Walk the Line
has an Oscar-level lead performance by Joaquin Phoenix showing
the biography of Johnny Cash--who never went to prison except
to play some prison concerts. But he was in many drunk tanks.
While traveling on the road, Cash slowly
builds a friendship with singer June Carter, but, like Johnny,
she's unhappily married.
The meat of this movie is their complicated
personal relationship and how June helps pull out Johnny's downfall
into drugs and make a life together in music.
What's more worthy of an encore than that?
Probably the most amazing thing about this
"Man in Black" biopic is not the turbulent life of
the singer on the road, it's that the actors did their own singing.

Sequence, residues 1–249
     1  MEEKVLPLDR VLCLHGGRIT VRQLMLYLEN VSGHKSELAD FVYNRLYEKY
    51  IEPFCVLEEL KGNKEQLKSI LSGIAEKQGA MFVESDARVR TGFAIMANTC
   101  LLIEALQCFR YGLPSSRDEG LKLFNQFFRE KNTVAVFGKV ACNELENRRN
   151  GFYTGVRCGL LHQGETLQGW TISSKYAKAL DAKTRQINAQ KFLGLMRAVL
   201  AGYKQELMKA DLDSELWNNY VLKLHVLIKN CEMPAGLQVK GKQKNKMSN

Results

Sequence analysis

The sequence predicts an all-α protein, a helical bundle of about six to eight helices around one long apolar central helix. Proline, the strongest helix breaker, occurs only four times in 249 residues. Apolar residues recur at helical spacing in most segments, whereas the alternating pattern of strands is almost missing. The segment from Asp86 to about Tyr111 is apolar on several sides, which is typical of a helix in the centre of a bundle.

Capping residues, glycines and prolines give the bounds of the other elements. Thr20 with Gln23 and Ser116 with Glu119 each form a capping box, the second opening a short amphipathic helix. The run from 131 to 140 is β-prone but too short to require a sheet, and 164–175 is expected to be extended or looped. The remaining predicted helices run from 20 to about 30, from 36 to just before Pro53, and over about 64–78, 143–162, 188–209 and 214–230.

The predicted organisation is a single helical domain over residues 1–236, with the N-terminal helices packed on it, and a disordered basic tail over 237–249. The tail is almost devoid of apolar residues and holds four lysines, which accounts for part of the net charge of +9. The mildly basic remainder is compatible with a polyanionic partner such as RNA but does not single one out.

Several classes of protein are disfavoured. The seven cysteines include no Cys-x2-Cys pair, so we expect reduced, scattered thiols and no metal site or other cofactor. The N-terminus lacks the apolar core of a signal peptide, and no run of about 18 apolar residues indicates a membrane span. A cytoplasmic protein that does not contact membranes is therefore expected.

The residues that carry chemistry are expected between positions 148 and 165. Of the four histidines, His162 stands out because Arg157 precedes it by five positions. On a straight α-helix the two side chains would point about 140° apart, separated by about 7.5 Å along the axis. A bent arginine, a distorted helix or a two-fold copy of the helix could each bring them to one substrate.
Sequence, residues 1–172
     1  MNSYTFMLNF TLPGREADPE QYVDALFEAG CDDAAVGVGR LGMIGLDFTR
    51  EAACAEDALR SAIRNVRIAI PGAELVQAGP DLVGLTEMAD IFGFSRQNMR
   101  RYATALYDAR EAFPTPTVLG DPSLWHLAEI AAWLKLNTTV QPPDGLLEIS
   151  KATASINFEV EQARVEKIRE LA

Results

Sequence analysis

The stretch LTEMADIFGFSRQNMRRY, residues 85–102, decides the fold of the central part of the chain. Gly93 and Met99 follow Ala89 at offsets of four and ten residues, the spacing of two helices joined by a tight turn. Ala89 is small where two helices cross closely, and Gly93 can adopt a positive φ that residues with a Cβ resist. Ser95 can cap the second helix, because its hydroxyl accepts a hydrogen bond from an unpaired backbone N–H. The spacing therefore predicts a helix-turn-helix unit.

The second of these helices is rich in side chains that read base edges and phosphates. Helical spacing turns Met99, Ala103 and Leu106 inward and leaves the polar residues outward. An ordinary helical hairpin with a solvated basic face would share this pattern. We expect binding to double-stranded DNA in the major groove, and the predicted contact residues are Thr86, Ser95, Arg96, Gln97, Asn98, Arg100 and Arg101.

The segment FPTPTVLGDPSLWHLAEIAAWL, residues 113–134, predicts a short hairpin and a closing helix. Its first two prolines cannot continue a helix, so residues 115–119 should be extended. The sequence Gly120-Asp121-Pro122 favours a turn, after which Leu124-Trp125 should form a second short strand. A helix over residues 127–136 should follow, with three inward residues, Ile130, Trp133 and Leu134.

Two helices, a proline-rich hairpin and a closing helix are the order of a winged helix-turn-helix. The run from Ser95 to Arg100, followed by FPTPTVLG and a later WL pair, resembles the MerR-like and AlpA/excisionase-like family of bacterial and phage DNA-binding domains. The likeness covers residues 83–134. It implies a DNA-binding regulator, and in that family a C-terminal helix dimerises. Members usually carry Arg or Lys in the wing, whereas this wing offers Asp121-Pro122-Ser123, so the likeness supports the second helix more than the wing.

Joaquin Phoenix and Reese Witherspoon turn
in Oscar-worthy performances as Johnny Cash and second wife,
June Carter, showcasing his early career in rockabilly and country,
and highlighting the tremendous strain of on the road touring.
Walk the Line
is a straightforward account of the late country music legend,
His life was a cycle of ruin & redemption,
of sin & salvation.
His big gifts are surrounded by years of
drug use and a long unrepaid love for June Carter, his singing
The movie is labeled a musical biopic and
does have some historical importance.
But, in truth, this film is structured
as a touching love story, complete with prior entanglements,
an awkward tour bus courtship, and an onstage proposal.